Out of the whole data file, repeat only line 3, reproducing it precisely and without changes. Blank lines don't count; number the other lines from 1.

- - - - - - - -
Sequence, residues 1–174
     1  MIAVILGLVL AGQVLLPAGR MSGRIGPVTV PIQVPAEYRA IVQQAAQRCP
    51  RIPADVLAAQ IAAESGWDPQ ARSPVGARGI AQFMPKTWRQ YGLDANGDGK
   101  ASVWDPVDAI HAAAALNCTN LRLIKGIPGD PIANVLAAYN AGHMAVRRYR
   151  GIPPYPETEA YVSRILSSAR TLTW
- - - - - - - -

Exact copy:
    51  RIPADVLAAQ IAAESGWDPQ ARSPVGARGI AQFMPKTWRQ YGLDANGDGK